Not sure if you know the difference between per-vertex and per fragment, so I'll give a brief overview, hope it helps(Short and sweet version):
If you have a triangle, it has 3 vertexes the Vertex shader is run 3 times, once for each vertex, from that the fragments are generated, so we can have a unknown amount of fragments, and for simplicity, lets say that one fragment is one pixel, so the fragment shader will run once per pixel. So what you probably want to be doing is the following. Each vertex stage setup the interpolated values necessary for the Fragment shader to use (Fragment shader Only gets interpolated values from the vertex shader), then your lighting calculations need to be done in the Fragment shader instead.

Vertex
Set Position,
Set Texture Coord Out
Set Normal Out

Fragment
get Normal AND NORMALIZE IT -- (Reason for normalizing here is simple, we are getting 3 vertex normals being interpolated here, so it will most likely not be a unit vector)
use uniforms to do your calculatioons etc. blah blah blah ...
Write the color out.
Done

Happy coding bro :D

.-_'s picture

Ok, I understand these concepts, but after corrections I am still getting nothing but black.

My VS:

#version 120
 
varying vec2 texture_coordinate;
varying vec3 normal_out;
 
uniform vec3 lightPosition;
uniform vec4 lightDiffuse;
 
void main()
{
 
  // Positions
  gl_Position = gl_ModelViewProjectionMatrix * gl_Vertex;
  texture_coordinate = vec2(gl_MultiTexCoord0);
 
  normal_out = gl_Normal;
}

My FS:

#version 120
 
varying vec2 texture_coordinate;
varying vec3 normal_out;
 
uniform sampler2D color_texture;
 
uniform vec3 lightPosition;
uniform vec4 lightDiffuse;
 
void main()
{
  vec3 normal, lightDir;
  vec4 diffuse;
  float NdotL;
 
  // Normals
  normal = normalize(gl_NormalMatrix * normal_out);
  lightDir = normalize(vec3(lightPosition));
  NdotL = max(dot(normal, lightDir), 0.0);
 
  // Colors
  diffuse = gl_FrontMaterial.diffuse * lightDiffuse;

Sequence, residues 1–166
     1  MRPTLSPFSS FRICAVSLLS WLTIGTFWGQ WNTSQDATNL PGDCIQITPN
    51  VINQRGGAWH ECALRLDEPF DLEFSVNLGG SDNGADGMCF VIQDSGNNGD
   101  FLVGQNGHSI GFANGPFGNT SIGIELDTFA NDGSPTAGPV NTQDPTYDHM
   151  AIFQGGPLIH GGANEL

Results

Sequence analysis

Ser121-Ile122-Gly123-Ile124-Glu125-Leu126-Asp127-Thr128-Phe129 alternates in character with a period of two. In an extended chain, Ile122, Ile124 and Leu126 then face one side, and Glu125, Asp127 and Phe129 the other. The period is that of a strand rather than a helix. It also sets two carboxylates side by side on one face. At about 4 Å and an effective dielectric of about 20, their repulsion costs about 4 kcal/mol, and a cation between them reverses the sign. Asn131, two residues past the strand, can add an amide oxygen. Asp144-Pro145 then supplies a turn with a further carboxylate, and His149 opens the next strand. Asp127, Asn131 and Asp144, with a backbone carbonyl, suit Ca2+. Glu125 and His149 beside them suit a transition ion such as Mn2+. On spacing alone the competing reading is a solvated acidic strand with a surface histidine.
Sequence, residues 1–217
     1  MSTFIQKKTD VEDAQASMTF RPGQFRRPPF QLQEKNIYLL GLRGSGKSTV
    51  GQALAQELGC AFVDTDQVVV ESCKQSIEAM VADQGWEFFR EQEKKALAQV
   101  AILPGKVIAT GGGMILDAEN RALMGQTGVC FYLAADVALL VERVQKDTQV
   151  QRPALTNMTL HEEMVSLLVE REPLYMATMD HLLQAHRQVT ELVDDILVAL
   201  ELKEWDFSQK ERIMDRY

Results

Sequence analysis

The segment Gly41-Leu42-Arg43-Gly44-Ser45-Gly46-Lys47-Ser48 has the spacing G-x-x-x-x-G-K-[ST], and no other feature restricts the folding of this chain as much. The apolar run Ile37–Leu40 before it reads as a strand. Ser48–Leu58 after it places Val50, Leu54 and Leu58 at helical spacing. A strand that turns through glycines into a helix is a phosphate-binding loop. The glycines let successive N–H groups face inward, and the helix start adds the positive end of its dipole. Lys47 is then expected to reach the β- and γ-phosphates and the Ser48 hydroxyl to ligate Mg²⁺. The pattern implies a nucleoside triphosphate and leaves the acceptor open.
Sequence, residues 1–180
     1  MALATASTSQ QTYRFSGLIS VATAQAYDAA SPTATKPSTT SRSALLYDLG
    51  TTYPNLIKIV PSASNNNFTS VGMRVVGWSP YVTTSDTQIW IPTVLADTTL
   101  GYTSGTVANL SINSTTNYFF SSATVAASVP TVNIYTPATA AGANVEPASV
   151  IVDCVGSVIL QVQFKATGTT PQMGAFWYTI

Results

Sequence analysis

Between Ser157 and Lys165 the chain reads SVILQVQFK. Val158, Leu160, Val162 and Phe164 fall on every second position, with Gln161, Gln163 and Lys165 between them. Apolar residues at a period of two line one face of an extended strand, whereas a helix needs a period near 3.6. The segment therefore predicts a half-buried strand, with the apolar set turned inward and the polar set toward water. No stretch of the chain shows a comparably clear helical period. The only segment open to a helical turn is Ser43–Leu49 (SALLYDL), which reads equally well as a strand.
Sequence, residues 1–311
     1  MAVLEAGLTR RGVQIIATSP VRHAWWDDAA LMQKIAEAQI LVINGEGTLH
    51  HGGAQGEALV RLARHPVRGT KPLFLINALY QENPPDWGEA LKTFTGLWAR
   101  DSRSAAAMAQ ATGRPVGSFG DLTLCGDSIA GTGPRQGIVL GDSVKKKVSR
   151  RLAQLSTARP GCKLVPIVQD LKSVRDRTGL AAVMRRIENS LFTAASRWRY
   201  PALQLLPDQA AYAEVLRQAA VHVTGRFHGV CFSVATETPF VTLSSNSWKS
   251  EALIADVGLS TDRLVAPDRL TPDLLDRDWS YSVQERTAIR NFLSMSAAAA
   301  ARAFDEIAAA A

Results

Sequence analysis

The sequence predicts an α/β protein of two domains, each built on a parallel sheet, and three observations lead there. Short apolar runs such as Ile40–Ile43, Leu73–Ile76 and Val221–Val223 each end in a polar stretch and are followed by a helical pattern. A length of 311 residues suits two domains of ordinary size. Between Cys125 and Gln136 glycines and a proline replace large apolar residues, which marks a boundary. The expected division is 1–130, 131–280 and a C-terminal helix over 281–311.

gl_FragColor = texture2D(color_texture, texture_coordinate) * NdotL * diffuse;
}

I have a feeling I am doing a lot of things very wrong in this, but I am having trouble coding shaders.

FingersLingers's picture

Lets go back a bit, Can you compile and execute a simple shader and get something on the screen, eg. vertex shader just sets the position and fragment just sets a color passed from the vertex shader ?

.-_'s picture

Yes, I have a shader that draw position color, and texture. That works fine.

FingersLingers's picture

Are you able to perhaps post your render routines code ?

.-_'s picture

Loading code:

      int status_code;
      string info;
      vertexObject = GL.CreateShader(ShaderType.VertexShader);
      fragmentObject = GL.CreateShader(ShaderType.FragmentShader);
      GL.ShaderSource(vertexObject, vs);
      GL.CompileShader(vertexObject);
      GL.GetShaderInfoLog(vertexObject, out info);
      GL.GetShader(vertexObject, ShaderParameter.CompileStatus, out status_code);
      if (status_code != 1)
	throw new ApplicationException(info);
      GL.ShaderSource(fragmentObject, fs);
      GL.CompileShader(fragmentObject);
      GL.GetShaderInfoLog(fragmentObject, out info);
      GL.GetShader(fragmentObject, ShaderParameter.CompileStatus, out status_code);
      if (status_code != 1)
	throw new ApplicationException(info);
      program = GL.CreateProgram();
      GL.AttachShader(program, fragmentObject);
      GL.AttachShader(program, vertexObject);
      GL.LinkProgram(program);

Rendering code:

      GL.Enable(EnableCap.Texture2D);
      GL.Enable(EnableCap.DepthTest);
      GL.Enable(EnableCap.CullFace);
      GL.Enable(EnableCap.Blend);
      GL.BlendEquation(BlendEquationMode.FuncAdd);
      GL.BlendFunc(BlendingFactorSrc.SrcAlpha, BlendingFactorDest.OneMinusSrcAlpha);
 
      GL.Clear(ClearBufferMask.ColorBufferBit | ClearBufferMask.DepthBufferBit);
 
      GL.PolygonMode(MaterialFace.FrontAndBack, PolygonMode.Fill);
 
      Matrix4 modelview = Matrix4.LookAt(pos_eye, pos_field, Vector3.UnitY);
      GL.MatrixMode(MatrixMode.Modelview);
      GL.LoadMatrix(ref modelview);
 
      Vector3 lightPos = new Vector3(1.0f,  0.0f, -1.0f);
      Vector4 lightDiff  = new Vector4(1.0f,  1.0f,  1.0f,  1.0f);
      GL.UseProgram(ResourceCommons.Simple_Shader);
      GL.Uniform3(ResourceCommons.LightPositionUniform, ref lightPos);
      GL.Uniform4(ResourceCommons.LightDiffuseUniform, ref lightDiff);
 
      base.OnRenderFrame(e); // base class contains several vbos and textures that are rendered before buffer swap
 
      base.SwapBuffers();